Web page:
but how to measure smallness?
Minimizing ky xk22 , energy in the error signal, will tolerate a few large deviations from the lane
center (not very safe)
Minimizing ky xk , the maximum of the error signal, will not tolerate any large deviations
from the lane center (much safer)
8

DEFINITION

Normalizing a Vector
A vector x is normalized (in the 2-norm) if kxk2 = 1

Normalizing a vector is easy; just scale it by



1
Ex: x = 2,
3

||x||2 =

qP

N 1
n=0

|x[n]|2 =

1
kxk2

12 + 22 + 32 =


1/14
1
x0 = 114 x = 114 2 = 2/14,
3
3/ 14

14

||x0 ||2 = 1

Summary

Linear algebra provides power tools to study signals and systems

Signals are vectors that live in a vector space

Norms measure the strength of a signal; we introduced the 2- 1-, and -norms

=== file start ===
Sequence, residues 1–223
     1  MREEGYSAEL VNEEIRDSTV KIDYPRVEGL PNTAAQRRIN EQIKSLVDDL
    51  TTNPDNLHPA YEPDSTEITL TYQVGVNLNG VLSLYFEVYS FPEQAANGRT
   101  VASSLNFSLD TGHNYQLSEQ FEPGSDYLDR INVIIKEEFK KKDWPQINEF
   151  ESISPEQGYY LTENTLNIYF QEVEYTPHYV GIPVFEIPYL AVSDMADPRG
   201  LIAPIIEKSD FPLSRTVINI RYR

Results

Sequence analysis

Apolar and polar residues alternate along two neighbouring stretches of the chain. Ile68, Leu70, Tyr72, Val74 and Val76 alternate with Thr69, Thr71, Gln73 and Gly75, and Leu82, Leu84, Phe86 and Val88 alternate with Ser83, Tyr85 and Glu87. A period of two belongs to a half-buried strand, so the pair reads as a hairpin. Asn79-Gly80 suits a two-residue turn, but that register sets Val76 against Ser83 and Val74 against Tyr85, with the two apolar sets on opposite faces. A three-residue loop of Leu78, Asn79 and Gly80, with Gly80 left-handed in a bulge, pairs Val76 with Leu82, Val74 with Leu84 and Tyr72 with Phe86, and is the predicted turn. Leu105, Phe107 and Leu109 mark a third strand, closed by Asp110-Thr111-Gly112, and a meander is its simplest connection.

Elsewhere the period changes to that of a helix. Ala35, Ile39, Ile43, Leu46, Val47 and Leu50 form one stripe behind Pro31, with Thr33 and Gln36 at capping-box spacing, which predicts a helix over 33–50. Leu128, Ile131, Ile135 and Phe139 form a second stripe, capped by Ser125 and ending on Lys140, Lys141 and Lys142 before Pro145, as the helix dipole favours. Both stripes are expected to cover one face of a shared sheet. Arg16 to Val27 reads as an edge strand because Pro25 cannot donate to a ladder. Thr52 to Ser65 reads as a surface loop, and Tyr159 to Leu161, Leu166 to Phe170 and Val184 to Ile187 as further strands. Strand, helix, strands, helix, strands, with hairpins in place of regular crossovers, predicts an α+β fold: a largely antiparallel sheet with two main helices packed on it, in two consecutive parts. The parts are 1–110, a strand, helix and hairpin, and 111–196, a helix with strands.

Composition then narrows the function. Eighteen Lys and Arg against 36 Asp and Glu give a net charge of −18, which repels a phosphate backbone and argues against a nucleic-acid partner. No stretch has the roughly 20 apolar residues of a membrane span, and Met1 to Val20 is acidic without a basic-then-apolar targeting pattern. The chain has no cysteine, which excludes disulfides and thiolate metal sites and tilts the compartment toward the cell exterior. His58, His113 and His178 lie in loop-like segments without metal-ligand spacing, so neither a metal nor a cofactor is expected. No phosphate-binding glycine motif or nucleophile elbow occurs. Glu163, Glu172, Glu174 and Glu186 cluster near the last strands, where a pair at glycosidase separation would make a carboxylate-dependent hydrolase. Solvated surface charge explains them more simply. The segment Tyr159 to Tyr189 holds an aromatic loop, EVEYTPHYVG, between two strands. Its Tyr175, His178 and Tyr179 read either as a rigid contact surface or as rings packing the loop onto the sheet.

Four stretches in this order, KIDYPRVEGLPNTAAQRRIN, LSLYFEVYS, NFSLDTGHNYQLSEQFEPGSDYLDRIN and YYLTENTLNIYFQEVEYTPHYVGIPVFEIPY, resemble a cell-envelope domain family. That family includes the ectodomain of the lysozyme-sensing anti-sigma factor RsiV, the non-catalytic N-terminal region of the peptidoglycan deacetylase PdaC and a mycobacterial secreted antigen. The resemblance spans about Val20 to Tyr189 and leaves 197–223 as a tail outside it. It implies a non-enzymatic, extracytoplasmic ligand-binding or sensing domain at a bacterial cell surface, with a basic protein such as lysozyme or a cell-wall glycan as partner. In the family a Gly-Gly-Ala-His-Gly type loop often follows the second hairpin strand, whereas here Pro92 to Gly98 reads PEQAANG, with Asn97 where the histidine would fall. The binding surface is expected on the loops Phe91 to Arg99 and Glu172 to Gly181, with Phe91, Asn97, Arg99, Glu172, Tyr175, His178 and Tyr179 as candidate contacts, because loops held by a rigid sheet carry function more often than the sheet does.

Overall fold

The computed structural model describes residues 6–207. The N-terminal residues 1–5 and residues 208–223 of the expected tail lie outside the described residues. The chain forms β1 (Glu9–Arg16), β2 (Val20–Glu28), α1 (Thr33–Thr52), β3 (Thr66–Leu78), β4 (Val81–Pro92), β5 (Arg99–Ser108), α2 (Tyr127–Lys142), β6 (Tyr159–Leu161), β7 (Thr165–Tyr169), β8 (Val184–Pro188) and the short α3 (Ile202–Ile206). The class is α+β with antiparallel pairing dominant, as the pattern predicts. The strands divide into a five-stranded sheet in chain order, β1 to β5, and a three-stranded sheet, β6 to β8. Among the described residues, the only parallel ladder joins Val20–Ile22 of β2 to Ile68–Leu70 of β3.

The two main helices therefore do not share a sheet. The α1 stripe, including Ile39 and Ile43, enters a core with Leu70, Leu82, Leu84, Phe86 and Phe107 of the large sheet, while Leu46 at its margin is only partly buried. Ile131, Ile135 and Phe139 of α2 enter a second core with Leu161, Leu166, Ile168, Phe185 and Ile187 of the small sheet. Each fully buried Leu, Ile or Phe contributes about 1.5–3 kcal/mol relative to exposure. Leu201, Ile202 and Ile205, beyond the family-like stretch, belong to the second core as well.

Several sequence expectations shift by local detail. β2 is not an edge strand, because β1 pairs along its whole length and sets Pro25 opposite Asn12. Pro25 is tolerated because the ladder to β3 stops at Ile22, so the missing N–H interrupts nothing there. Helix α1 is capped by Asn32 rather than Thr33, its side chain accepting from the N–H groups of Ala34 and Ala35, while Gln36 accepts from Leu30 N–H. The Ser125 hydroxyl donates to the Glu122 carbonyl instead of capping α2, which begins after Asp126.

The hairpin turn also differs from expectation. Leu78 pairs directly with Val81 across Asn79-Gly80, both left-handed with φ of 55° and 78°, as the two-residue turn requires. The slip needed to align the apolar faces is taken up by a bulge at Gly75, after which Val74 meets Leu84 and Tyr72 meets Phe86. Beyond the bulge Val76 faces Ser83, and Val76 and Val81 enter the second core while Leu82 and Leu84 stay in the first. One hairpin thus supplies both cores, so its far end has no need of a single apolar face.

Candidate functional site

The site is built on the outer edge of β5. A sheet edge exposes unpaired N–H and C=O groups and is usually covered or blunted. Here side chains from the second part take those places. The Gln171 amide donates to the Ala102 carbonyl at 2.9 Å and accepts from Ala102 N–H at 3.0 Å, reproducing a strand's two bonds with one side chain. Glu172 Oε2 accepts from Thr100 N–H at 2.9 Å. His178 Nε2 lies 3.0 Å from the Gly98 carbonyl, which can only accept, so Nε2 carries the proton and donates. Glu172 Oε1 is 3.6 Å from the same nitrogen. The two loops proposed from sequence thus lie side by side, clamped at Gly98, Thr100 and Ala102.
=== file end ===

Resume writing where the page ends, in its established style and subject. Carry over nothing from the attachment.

10

Inner Product

The Geometry of Signals

Up to this point, we have developed the viewpoint of signals as vectors in a vector space

We have focused on quantities related to individual vectors, ex: norm (strength)

Now we turn to a quantity related to pairs of vectors, the inner product

A powerful and ubiquitous signal processing tool

Aside: Transpose of a Vector


Recall that the transpose operation

converts a column vector to a row vector (and vice versa)

x[0]
x[1]
..
.

x[0] x[1]

x[N 1]

x[N 1]
In addition to transposition, the conjugate transpose (aka Hermitian transpose) operation
takes the complex conjugate

x[0]
x[1]
..
.


x[0]

x[1]

x[N 1]

x[N 1]
3

DEFINITION

Inner Product
The inner product (or dot product) between two vectors x, y CN is given by
hx, yi = y H x =

N
1
X

x[n] y[n]

n=0

The inner product takes two signals (vectors in CN ) and produces a single (complex) number
Angle between two vectors x, y RN
cos x,y =

hx, yi
kxk2 kyk2

cos x,y =

Re{hx, yi}
kxk2 kyk2

Angle between two vectors x, y CN

Inner Product Example 1

 
 
1
3
Consider two vectors in R : x =
, y=
2
2
2

kxk22 = 12 + 22 = 5,

x,y = arccos

kyk22 = 32 + 22 = 13

13
+
22